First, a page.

3. Better tools can help students make meaningful use of digital library resources for inquiry. Current search engines and Web browsing software are not adequate for learning environments. Web browsers encourage breadth-first searches, and are often extremely frustrating for students. They tend to encourage the thinking, described above of, posing a question and getting an answer. As previously mentioned, we are currently working on a new interface for UMDL, Artemis, which will provide more interactivity, greater opportunity for collaboration, and an improved search capability. Our next generation of on-line projects, which will be implemented during the first semester of the 96-97 school year, will include some of the features of Artemis prior to the first release of the interface. For example, we are including collaborative tools and links to on-line reference materials as part of each project.
4. Collections with age-appropriate and content-rich materials need to be developed for students to benefit from digital libraries. Although there are abundant resources in digital libraries and on the Web, a lot of the material available is not useful to 6th and 9th graders either because of reading level or content. Development of collections has proven to be labor intensive: we are investigating tools which can help with the time consuming process of searching for, evaluating and cataloging resources. These include WebBook, an agent which collects Web pages from a single site on a given topic and creates a searchable "book"; Remora, a notification agent which will allow look for various types of activity within a collection; and Collection Builder, an interface and agent which will provide for on-line registration of materials and collections. The relationship of UMDL architecture to our educational implementation is elaborated more completely in Toward Inquiry-Based Education Through Interacting Software Agents, IEEE Computer, August, 1996.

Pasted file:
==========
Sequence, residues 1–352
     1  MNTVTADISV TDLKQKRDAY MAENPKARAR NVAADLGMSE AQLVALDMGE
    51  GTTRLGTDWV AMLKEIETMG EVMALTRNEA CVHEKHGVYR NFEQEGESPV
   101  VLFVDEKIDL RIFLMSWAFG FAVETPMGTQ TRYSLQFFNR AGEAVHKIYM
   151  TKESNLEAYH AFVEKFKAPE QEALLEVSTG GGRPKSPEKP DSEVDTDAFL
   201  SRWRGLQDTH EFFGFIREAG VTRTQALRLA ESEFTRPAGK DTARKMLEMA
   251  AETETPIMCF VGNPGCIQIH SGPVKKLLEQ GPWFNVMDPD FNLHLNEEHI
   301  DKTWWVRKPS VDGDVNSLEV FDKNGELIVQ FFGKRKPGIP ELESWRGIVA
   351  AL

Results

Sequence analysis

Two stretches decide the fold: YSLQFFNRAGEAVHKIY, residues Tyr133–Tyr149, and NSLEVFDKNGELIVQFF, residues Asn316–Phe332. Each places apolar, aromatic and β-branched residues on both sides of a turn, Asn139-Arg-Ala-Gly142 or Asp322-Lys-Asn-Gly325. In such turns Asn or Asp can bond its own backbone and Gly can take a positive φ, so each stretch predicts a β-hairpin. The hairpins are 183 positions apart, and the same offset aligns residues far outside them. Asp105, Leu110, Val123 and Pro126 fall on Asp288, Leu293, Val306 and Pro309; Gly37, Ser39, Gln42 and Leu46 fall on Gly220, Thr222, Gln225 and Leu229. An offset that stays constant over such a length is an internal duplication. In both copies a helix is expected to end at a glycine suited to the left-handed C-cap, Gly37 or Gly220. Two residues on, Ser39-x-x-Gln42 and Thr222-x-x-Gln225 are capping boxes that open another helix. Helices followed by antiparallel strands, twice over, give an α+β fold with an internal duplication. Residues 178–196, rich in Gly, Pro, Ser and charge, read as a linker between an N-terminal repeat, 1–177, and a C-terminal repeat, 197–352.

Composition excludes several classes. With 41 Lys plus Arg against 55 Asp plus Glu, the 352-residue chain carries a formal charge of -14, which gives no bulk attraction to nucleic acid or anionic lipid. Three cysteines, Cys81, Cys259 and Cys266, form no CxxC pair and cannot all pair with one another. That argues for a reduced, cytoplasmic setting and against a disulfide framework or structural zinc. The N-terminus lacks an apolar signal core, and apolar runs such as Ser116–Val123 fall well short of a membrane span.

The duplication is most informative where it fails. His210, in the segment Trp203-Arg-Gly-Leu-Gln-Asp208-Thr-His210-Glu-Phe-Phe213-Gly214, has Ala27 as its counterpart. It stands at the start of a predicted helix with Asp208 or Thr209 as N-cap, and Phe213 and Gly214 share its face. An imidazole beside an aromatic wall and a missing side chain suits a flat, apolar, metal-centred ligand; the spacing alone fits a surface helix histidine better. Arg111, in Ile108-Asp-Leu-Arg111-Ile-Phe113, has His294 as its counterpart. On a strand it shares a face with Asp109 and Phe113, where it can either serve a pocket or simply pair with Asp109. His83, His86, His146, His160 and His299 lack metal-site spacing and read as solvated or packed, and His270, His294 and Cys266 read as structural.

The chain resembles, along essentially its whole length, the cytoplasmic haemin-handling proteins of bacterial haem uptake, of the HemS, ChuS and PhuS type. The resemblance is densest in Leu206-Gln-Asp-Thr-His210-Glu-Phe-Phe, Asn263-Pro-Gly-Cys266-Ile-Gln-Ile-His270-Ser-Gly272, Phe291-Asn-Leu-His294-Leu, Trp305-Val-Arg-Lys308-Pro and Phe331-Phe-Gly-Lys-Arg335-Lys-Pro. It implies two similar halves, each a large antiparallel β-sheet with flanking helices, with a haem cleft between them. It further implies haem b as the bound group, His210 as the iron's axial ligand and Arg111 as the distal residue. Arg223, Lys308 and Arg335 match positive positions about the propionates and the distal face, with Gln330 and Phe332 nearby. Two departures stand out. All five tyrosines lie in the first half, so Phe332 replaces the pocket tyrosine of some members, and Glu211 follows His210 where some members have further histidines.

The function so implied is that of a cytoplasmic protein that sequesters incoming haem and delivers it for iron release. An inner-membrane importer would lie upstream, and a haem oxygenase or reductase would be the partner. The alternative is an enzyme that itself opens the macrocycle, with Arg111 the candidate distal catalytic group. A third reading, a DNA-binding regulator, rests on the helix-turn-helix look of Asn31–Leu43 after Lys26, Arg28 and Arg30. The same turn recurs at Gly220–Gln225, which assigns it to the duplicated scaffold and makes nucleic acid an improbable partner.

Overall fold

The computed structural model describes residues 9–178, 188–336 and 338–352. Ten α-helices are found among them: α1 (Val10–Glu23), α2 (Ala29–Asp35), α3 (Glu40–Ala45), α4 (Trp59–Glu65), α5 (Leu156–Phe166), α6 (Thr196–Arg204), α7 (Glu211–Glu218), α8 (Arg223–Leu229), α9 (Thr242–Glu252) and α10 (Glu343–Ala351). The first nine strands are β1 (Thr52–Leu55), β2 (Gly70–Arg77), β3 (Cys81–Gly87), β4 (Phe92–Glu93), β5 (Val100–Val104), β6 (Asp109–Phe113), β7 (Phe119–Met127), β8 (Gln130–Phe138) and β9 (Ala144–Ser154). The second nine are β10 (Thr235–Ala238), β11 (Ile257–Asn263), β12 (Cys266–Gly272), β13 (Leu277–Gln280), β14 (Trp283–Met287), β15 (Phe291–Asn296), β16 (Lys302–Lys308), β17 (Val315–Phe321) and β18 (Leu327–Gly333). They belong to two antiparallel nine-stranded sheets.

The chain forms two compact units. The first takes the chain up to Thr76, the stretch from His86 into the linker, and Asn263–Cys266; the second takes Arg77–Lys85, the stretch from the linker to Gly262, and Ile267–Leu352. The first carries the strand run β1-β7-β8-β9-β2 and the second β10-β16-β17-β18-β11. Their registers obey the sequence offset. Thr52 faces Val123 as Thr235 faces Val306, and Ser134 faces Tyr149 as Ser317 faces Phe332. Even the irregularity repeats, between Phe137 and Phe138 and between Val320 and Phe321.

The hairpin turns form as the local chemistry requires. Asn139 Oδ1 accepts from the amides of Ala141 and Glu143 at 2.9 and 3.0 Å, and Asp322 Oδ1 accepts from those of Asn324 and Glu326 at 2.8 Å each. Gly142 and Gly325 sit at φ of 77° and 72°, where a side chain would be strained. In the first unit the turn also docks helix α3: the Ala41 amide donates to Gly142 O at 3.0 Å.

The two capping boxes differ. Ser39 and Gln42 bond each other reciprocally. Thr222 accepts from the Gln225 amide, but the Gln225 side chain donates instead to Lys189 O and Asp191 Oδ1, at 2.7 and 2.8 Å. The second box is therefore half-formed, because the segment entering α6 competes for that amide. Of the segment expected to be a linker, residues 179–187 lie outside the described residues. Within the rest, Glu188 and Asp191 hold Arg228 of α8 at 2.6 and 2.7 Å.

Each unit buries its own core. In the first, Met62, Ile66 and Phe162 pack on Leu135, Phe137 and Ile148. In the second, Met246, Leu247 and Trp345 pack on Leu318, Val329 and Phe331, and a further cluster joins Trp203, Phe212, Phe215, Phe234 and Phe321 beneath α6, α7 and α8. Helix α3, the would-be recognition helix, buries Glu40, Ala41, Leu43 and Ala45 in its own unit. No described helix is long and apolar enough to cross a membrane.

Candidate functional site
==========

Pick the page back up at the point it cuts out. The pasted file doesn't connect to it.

5. Schools need to be structured in ways that encourage inquiry based education. Issues in restructuring schools include length of classes, content requirements of the curriculum, and availability of technology. Although structural changes are difficult, we must recognize their impact on realizing the goals of learning through inquiry, and on the use of digital libraries in schools. Determined and highly motivated teachers, librarians, and students succeed in learning through inquiry and using new technologies in ways which enhance student understanding, but without structural changes, it is unlikely that the majority of schools will be able to take advantage of the benefits of digital libraries. Instead, we will see digital libraries available on a limited basis, from the computer in the corner of the library.
Digital libraries have the potential to offer unprecedented resources for supporting student inquiry. Access to current content and to an uprecedented breadth of information within a well developed infrastructure can provide students with the opportunity to ask complex questions and do deep analysis. However, in themselves, digital libraries will not make a change in education without changes in the tasks students are asked to perform and in the support provided to students and teachers.